There is also an option to export just the Kubernetes part of a context. This will produce a native kubeconfig file that can be manually merged with an existing ~/.kube/config
file on another host that has kubectl installed. You cannot
export just the Kubernetes portion of a context and then import it with docker context import. The only way to import the exported Kubernetes config is to manually merge it into an existing kubeconfig file.

Let’s look at exporting and importing a native Docker context.

Exporting and importing a native Docker context

The following example exports an existing context called “docker-test”. It will be written to a file called docker-test.dockercontext.

$ docker context export docker-testWritten file “docker-test.dockercontext”

Check the contents of the export file.

$ cat docker-test.dockercontextmeta.json0000644000000000000000000000022300000000000011023 0ustar0000000000000000{“Name”:“docker-test”,“Metadata”:{“StackOrchestrator”:“swarm”},“Endpoints”:{“docker”:{“Host”:“unix:///var/run/docker.sock”,“SkipTLSVerify”:false}}}tls0000700000000000000000000000000000000000000007716 5ustar0000000000000000

This file can be imported on another host using docker context import. The target host must have the Docker client installed.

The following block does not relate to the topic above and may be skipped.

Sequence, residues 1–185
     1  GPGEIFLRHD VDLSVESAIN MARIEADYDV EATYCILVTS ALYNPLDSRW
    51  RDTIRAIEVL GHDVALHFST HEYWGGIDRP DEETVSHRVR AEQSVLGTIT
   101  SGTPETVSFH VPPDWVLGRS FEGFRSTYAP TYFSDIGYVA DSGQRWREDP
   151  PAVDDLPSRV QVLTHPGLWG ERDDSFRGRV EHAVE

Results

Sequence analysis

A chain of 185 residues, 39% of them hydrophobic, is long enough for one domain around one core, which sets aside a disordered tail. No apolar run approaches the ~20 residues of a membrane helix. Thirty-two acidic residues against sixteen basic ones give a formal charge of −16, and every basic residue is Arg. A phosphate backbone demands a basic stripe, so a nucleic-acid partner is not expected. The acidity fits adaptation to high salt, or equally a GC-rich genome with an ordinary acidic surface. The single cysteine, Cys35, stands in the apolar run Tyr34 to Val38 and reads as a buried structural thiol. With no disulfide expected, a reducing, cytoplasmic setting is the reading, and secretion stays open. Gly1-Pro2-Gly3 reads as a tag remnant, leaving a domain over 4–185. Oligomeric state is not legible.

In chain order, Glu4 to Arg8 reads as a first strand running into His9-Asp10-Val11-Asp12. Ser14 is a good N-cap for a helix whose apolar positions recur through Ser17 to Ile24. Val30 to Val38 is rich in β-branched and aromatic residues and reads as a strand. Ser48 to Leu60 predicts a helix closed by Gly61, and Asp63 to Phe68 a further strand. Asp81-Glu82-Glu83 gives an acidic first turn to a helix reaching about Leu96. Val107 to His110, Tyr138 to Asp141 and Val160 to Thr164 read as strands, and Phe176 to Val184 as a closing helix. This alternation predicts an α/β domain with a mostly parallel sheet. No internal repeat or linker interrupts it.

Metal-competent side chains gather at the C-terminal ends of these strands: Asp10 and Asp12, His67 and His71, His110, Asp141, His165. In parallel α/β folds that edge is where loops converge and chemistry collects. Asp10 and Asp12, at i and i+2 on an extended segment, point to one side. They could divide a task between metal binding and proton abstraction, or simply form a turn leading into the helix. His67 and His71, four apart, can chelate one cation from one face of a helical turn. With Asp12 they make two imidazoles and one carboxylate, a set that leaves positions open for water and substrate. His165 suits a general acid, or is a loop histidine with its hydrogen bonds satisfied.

$ docker context import docker-test docker-test.dockercontextdocker-testSuccessfully imported context “docker-test”

You can verify that the context was imported with docker
context ls.

The format of the import command is docker context import .

Now, let’s look at exporting just the Kubernetes parts of a context.

Exporting a Kubernetes context

You can export a Kubernetes context only if the context you are exporting has a Kubernetes endpoint configured. You cannot import a Kubernetes context using docker context import.

These steps will use the --kubeconfig flag to
export only the Kubernetes elements of the
existing k8s-test context to a file called “k8s-test.kubeconfig”. The cat command will then show that it’s exported as a valid kubeconfig file.

$ docker context export k8s-test --kubeconfigWritten file “k8s-test.kubeconfig”

Verify that the exported file contains a valid kubectl config.

$ cat k8s-test.kubeconfigapiVersion: v1clusters:- cluster: certificate-authority-data: server: https://35.226.99.100 name: clustercontexts:- context: cluster: cluster namespace: default user: authInfo name: contextcurrent-context: contextkind: Configpreferences: {}users:- name: authInfo user: auth-provider: config: cmd-args: config config-helper --format=json cmd-path: /snap/google-cloud-sdk/77/bin/gcloud expiry-key: ‘{.credential.token_expiry}’ token-key: ‘{.credential.access_token}’ name: gcp

You can merge this with an existing ~/.kube/config
file on another machine.

Updating a context

You can use docker context update to update fields in an existing context.

The following example updates the “Description” field in the existing k8s-test context.

$ docker context update k8s-test --description "Test Kubernetes cluster"k8s-testSuccessfully updated context “k8s-test”